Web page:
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    Replacing Screw-In's definitely requires a lathe.
     
  5. R&A

    R&A Registered User

    Oct 21, 2008
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    Well if this bushing left score marks on the pivot and isn't replaced . It will continue to do so. Plus if you polished the pivot then it would be smaller than before. There for you would have more noticeable wear. Kind of defeating the purpose without doing both the polishing and the bushing.
     
  6. Time After Time

    Time After Time Registered User
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    I think the OP was talking about scored pivots in the Time Train. If you haven't seen the "bushings" in question go back to his before photos. The discussion has lately centered on S-1 but that wasn't presented as the main area of concern. I'm assuming that pivot wasn't scored (any more than "normal") but I could be wrong.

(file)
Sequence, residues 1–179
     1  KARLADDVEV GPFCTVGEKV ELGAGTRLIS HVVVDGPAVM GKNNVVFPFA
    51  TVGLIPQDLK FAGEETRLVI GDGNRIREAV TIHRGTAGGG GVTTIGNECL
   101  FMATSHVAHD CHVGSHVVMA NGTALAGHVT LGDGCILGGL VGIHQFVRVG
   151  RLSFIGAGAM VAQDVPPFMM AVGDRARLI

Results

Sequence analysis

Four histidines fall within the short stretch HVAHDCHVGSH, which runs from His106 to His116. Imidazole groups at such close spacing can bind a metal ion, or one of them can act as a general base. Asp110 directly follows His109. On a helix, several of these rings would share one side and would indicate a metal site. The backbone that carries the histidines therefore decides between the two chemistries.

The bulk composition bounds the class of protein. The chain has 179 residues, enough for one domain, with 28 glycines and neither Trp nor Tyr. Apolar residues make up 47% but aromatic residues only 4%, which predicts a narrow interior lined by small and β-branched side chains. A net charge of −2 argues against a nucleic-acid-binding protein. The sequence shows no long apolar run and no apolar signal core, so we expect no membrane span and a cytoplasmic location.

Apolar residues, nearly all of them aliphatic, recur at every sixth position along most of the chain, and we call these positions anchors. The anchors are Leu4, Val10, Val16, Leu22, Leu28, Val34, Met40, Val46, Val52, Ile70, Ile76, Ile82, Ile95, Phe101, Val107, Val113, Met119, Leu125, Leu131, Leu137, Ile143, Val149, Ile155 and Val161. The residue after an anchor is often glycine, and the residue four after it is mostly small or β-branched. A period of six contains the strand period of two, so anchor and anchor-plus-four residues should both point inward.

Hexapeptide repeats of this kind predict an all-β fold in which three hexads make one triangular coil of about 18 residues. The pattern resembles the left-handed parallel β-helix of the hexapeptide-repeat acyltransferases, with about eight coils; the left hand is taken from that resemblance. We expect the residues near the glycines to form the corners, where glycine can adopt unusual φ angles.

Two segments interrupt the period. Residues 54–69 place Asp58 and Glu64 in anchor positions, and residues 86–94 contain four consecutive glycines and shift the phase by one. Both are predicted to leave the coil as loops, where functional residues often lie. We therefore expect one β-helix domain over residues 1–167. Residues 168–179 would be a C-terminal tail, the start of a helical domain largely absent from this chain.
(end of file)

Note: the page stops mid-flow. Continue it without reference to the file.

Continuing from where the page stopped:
7. R&A

    R&A Registered User

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    This is what he posted

    [​IMG] Re: Clockmakers Hall of Shame (By: PatH)

    The pivots just had some mild scoring, which cleaned up when I polished them.

    This is where I got it from ​
     
  8. Time After Time

    Time After Time Registered User
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    #1608 Time After Time, Aug 12, 2017
    Last edited: Aug 12, 2017
    I know where it came from friend. He was responding to my question and my question was about the pivots he had re-bushed. (See photo from Post Number 1586, gears T-1B, T-2B & T-3B?). I could be wrong but I don't think he was talking about the S-1 Pivot.